9.30.2006

Sound Art (of Various Sorts)

After a day of rest on Monday, we met with sound artist and scholar Alexis Bhagat for a stroll around the city. When we arrived at our first destination, smack in the middle of Times Square, Alex sat down on a grate above the subway and beckoned us to listen to a sound that was eerily resonating from somewhere within the bowels of the city. As it turns out, sound artists of old had installed a transmitter somewhere under the streets that emits, to this day, a constant pitch that most people either a) assume comes from passing subway trains or b) don’t notice at all. Despite a rather distracting photoshoot that was taking place on the same traffic island, we took ten meditative minutes to bask in the din of Times Square and reflect solely on the sounds that were shifting around us as well as the tone emitting out from under the grate.



We then took a train for a session in the mysterious Dreamhouse, a sound art installation sealed up in a second floor apartment above Tribeca. Inside, the space was completely bathed in violet light and contained two rooms. In the smaller room, a rectangular sculpture was mounted beneath a red and a blue light that were aligned to disorient the viewer’s sense of geometry and depth perception. The main room was completely empty except for four large speakers in each of its corners and a shrine for a bearded mystic who was explained to be the former guru of the installation artist. The sound art of the installation came in the form of a very precisely conceived and invasive frequency that has not ceased in roughly twenty years. I observed my unusual surroundings, laid down on the carpet, promptly fell asleep, and woke up an hour and a half later, before we came to our senses and trudged down the stairs.

Now, due to unfortunate aural and visual distractions, I was unable to pay as close attention as Alex deserved, so I remain incredibly confused as to the nature and purpose of sound art, but he had a great deal to say of other matters. Alex’s enthusiasm for the poetic and the esoteric carried him through lengthy and lively discourse, ranging in subject matter from the definition of music to the impossibility of presenting an authentic voice due to the collective, interactive nature of humankind. Several students went on to dine with him and, as I understand, compiled material for a sort of documentary which I will eagerly await, but I had a prior engagement: an eagerly anticipated Dirty Projectors & Grizzly Bear show at the Bowery Ballroom.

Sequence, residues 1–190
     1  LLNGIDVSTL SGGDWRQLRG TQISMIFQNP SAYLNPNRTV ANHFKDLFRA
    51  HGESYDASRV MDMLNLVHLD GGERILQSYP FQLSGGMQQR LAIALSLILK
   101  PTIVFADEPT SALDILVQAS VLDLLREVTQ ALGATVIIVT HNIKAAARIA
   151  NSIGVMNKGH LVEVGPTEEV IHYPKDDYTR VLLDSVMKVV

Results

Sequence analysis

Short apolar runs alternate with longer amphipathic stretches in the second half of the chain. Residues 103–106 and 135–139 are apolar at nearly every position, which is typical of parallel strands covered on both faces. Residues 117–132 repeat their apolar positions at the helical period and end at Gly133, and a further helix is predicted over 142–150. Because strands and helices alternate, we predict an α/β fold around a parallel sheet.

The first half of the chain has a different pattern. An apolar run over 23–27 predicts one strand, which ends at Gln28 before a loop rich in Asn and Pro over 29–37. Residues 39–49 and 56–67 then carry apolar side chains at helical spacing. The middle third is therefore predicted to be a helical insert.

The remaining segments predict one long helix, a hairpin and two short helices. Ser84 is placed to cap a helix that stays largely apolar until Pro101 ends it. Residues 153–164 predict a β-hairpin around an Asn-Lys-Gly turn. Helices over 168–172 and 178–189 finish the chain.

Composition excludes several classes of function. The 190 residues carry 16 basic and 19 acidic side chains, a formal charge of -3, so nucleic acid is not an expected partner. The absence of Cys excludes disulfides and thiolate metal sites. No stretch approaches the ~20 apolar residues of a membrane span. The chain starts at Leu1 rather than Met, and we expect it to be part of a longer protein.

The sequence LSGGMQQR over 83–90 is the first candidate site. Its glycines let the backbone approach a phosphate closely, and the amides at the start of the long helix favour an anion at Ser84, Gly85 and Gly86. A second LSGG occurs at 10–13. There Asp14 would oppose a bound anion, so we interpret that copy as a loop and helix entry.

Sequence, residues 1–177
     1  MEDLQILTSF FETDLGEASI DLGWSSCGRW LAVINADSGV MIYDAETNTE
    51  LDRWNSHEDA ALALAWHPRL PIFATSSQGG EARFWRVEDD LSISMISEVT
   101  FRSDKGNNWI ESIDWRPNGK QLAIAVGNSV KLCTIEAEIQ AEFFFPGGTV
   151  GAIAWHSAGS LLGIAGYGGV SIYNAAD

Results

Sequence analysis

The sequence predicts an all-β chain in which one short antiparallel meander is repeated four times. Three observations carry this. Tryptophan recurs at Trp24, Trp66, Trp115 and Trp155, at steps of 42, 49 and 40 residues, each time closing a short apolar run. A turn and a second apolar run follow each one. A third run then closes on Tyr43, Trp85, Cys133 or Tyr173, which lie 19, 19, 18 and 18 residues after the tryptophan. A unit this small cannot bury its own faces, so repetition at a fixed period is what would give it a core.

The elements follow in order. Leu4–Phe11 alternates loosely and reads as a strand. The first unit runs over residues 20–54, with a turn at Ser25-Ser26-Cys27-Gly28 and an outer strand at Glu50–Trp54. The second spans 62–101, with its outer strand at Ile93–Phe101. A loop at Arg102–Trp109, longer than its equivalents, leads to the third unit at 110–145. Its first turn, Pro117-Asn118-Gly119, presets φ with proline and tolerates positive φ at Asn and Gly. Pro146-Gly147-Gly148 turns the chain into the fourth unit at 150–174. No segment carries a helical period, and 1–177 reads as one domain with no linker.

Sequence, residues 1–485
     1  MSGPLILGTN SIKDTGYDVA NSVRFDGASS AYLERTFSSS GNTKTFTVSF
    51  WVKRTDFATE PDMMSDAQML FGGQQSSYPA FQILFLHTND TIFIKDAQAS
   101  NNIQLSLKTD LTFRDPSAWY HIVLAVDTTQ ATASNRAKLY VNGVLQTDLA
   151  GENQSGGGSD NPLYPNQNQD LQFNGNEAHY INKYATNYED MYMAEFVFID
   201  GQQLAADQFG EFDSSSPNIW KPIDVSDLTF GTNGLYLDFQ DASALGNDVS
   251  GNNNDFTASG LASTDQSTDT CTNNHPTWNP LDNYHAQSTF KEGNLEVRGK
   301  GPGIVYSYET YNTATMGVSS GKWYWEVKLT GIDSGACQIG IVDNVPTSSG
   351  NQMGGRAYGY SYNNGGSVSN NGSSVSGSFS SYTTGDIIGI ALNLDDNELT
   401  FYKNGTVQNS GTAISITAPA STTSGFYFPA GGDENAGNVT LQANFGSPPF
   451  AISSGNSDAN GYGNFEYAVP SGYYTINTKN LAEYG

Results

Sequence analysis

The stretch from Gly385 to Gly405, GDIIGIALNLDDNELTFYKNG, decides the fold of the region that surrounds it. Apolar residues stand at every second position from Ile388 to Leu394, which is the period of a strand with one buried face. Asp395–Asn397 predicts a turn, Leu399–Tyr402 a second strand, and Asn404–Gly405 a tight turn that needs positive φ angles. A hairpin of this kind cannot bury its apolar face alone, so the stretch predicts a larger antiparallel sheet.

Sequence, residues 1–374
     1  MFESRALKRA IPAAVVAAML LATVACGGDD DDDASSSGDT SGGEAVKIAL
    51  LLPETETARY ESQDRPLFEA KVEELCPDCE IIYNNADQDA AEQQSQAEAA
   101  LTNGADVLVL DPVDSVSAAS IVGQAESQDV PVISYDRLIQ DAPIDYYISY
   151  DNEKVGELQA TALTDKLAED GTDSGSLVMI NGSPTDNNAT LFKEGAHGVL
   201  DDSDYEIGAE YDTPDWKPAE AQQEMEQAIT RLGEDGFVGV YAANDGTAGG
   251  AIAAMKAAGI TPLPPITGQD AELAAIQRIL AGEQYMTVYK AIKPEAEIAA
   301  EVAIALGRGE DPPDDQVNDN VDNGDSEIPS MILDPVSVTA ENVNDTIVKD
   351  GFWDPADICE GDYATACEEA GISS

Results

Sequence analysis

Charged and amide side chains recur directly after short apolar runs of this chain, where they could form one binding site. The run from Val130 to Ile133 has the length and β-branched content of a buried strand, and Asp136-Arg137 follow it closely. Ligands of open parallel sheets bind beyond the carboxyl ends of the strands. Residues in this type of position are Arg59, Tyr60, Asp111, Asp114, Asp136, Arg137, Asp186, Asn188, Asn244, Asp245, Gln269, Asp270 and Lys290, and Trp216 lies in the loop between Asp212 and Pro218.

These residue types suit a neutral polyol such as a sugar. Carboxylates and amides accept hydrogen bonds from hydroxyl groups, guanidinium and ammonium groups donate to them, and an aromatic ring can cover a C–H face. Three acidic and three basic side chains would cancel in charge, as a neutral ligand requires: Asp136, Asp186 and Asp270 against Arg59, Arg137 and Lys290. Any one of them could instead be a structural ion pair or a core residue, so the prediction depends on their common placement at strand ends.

I wasn’t quite sure what to expect from the Dirty Projectors on stage, but their haphazard, structure-defying sound translated remarkably well. They kept things interesting with lots of maddening time signatures, the odd, whiny wail of the singer, who plucked at a right-handed guitar upside down and left-handed, and irregular drumming that lead the group through the peaks and valleys of their inverted soundscape.

They fit quite well with Grizzly Bear, who came on and played a modest but absolutely beautiful set. Clarinets, flutes, and for one song, the violin of Final Fantasy’s Owen Pallett culminated in breathtaking harmony with the swooning arrangements and vocals of frontmen Edward Droste and Daniel Rossen. Grizzly Bear’s elegant restraint shined in songs like “Colorado” and “Knife” before exploding in the blissful closer “On a Neck, on a Spit” and an untitled new song that had me begging for more.



Up next, on our last night in the city, an evening with John Darnielle of the Mountain Goats…

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